clock menu more-arrow no yes mobile

Filed under:

India’s Snapdeal, an Amazon Competitor, Raises $500 Million From Alibaba, Foxconn and SoftBank

The investment sharpens the competition between Alibaba and Amazon in India.

Jason Del Rey has been a business journalist for 15 years and has covered Amazon, Walmart, and the e-commerce industry for the last decade. He was a senior correspondent at Vox.

Alibaba finally has its ally in India, perhaps the world’s hottest e-commerce market.

The Chinese e-commerce giant has invested in Snapdeal, an India-based e-commerce startup, as part of a $500 million round, according to multiple sources. Foxconn, the Taiwanese company best known as a manufacturer of Apple’s iPhones, also invested, alongside existing Snapdeal investor SoftBank.

Snapdeal had previously raised more than $1 billion from investors including SoftBank, eBay, BlackRock, Bessemer Ventures and Indian venture firms such as Kalaari Capital and Nexus Venture Partners. Alibaba and Foxconn were considering the investment earlier this year, which would value Snapdeal at $5 billion, the Wall Street Journal reported in June.

The company has undergone several iterations since Kunal Bahl and Rohit Bansal founded it in 2010, including one as a Groupon clone. Today, it’s an online shopping marketplace that sells a wide range of products, from cameras to jeans to toys — pitting it against Flipkart, a homegrown competitor currently valued at around $15 billion, and Amazon, which is investing billions of dollars into its Indian business.

In the past year, Snapdeal has started to develop an ecosystem of sites by acquiring companies focused on different areas of online commerce. It bought FreeCharge, a popular service in India that allows people to add money to prepaid phone plans and prepaid TV plans. It also acquired RupeePower, a comparison shopping site for credit cards and loans. The approach is not all that different from Alibaba’s, which runs a host of different marketplaces focused on different types of buyers and different regions.

The investment gives Alibaba a foothold in a country that is fast becoming the most talked about e-commerce market outside of the U.S. Earlier this year, Alibaba founder Jack Ma visited India and said his company was interested in investing in companies in the world’s second-most populous country. Alibaba and Snapdeal had been engaged in on-again, off-again talks since at least early this year.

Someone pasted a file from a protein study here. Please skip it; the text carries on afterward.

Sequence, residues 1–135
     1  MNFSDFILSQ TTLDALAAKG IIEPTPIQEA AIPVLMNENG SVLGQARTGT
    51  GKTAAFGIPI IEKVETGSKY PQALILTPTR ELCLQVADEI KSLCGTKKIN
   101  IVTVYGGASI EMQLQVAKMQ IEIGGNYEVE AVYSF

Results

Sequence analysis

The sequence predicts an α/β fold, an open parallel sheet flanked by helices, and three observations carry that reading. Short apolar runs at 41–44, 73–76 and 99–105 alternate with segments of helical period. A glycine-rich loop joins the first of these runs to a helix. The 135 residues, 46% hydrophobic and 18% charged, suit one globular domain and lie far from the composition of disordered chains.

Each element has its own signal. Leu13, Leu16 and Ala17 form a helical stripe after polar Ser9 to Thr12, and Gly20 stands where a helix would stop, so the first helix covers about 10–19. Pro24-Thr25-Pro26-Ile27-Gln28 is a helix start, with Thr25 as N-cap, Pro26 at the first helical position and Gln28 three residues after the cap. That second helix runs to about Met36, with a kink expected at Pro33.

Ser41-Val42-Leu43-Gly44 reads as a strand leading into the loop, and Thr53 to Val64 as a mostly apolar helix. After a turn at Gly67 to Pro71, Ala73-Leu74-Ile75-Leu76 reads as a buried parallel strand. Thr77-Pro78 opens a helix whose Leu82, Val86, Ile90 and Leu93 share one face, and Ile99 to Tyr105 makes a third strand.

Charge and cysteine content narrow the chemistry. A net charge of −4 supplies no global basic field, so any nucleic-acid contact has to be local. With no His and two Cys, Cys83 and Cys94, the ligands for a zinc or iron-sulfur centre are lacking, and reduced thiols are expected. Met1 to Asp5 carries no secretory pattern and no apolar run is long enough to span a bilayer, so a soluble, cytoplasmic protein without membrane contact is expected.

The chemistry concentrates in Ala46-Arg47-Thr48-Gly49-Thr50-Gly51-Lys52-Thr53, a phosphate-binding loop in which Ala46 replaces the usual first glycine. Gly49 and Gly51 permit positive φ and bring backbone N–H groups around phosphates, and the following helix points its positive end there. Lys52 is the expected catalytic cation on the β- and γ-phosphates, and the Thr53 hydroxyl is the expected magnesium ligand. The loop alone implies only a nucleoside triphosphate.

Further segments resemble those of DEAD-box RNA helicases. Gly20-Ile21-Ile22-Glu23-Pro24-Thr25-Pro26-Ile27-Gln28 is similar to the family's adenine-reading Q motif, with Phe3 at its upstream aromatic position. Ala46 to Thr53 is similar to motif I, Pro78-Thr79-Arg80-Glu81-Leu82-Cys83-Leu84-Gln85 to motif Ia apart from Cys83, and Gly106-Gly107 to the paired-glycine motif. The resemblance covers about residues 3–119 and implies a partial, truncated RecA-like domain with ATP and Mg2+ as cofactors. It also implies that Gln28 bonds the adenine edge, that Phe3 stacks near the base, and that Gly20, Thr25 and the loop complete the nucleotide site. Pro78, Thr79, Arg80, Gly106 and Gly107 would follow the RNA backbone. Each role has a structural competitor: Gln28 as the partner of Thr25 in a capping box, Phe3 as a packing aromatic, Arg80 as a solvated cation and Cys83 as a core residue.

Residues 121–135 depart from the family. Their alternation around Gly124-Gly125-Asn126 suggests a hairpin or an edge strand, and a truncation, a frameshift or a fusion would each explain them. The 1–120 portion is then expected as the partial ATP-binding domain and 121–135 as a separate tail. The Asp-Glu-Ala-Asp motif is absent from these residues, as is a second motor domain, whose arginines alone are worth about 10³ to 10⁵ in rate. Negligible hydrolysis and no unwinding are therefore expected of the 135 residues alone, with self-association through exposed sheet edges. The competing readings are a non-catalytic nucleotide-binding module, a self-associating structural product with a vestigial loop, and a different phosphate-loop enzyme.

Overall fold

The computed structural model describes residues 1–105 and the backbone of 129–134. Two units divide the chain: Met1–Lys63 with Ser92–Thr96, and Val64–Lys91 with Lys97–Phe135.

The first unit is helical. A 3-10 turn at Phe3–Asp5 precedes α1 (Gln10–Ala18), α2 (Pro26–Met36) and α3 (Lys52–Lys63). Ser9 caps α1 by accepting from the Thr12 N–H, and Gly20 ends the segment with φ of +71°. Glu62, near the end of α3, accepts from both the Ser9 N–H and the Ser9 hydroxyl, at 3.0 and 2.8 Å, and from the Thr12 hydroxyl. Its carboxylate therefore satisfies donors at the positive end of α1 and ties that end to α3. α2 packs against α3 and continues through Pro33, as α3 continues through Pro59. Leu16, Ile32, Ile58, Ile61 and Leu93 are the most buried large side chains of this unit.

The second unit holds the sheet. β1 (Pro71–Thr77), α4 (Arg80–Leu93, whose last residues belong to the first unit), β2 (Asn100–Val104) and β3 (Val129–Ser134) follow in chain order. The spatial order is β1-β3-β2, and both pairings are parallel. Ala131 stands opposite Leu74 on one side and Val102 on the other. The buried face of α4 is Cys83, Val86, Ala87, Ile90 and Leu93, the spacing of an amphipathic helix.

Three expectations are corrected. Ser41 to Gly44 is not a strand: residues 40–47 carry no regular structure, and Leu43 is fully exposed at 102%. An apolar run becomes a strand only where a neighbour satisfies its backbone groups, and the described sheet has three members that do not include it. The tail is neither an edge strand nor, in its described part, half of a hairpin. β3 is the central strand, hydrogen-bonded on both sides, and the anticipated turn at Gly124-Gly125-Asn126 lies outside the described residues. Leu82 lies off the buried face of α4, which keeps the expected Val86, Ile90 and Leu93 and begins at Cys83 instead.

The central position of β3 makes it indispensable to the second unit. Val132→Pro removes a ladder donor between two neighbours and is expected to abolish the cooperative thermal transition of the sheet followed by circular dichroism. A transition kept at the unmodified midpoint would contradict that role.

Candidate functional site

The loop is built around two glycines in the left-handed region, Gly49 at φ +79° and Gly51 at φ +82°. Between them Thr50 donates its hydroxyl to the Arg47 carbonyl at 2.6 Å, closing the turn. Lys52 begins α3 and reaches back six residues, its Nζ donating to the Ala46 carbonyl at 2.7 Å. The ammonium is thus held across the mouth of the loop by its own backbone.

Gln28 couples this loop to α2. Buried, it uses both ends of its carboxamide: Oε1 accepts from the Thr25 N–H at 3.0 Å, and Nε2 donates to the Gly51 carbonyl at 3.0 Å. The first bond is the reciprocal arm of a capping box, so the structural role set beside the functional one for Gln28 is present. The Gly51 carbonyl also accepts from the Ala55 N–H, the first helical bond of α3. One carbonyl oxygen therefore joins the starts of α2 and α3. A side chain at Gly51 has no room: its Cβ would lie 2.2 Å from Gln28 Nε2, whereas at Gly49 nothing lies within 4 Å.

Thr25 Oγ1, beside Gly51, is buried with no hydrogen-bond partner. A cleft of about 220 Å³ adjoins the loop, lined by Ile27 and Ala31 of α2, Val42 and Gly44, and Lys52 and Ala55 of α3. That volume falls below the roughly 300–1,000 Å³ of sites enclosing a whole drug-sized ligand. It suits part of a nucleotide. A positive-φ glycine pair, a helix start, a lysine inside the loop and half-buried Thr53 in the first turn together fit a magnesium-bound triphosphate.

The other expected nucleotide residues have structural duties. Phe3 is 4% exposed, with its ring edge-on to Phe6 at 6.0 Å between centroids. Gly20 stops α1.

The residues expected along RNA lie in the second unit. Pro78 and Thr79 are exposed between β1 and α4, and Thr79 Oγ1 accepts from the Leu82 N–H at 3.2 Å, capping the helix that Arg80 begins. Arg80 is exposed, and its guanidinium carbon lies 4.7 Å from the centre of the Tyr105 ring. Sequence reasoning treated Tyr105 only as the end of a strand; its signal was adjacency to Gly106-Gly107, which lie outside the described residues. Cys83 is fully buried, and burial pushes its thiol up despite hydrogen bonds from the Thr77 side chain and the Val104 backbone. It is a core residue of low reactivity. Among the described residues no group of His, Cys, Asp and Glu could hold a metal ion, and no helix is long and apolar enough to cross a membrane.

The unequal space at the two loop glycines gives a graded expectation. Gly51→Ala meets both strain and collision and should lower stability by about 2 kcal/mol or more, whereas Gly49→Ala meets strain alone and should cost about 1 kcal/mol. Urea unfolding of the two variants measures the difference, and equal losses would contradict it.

An Alibaba spokesman declined to comment. Spokespeople for the other companies involved did not immediately respond to requests for comment.

A lot of the interest in India comes from demographics: India is the second-most-populous nation in the world, and a young one at that. More than two-thirds of the country is under the age of 35, and the country’s median age of 27 is 10 years younger than that of the U.S, according to a recent Goldman Sachs report.

This new generation of people is connecting to the Internet for the first time, and many are doing so on phones, skipping the PC world altogether. As a result, mobile shopping is exploding in popularity, and data prices are a big part of this. As of December, India users on average pay 0.5 cents per megabyte used, which is two times cheaper than in China, and almost three times cheaper than in the U.S., the report said.

While Flipkart has more market share in India, Snapdeal CEO Bahl thinks that company and Amazon are thinking too narrowly by being focused mainly on the sale of physical products, he told Re/code during an interview at Snapdeal’s Indian headquarters in April. Snapdeal, on the other hand, is going after what Bahl believes will eventually be a $250 billion opportunity — bringing all kinds of other transactions online in addition to the sale of products.

“What’s the delta between retail and consumption?” Bahl asked rhetorically, referring to the difference between the two. “It’s things like financial services, education, utilities, health care. But today, all everyone is doing is products.”

“Others are building aircraft carriers,” he added. “We are building an army of speedboats.”

This article originally appeared on

Sign up for the newsletter Sign up for Vox Recommends

Get curated picks of the best Vox journalism to read, watch, and listen to every week, from our editors.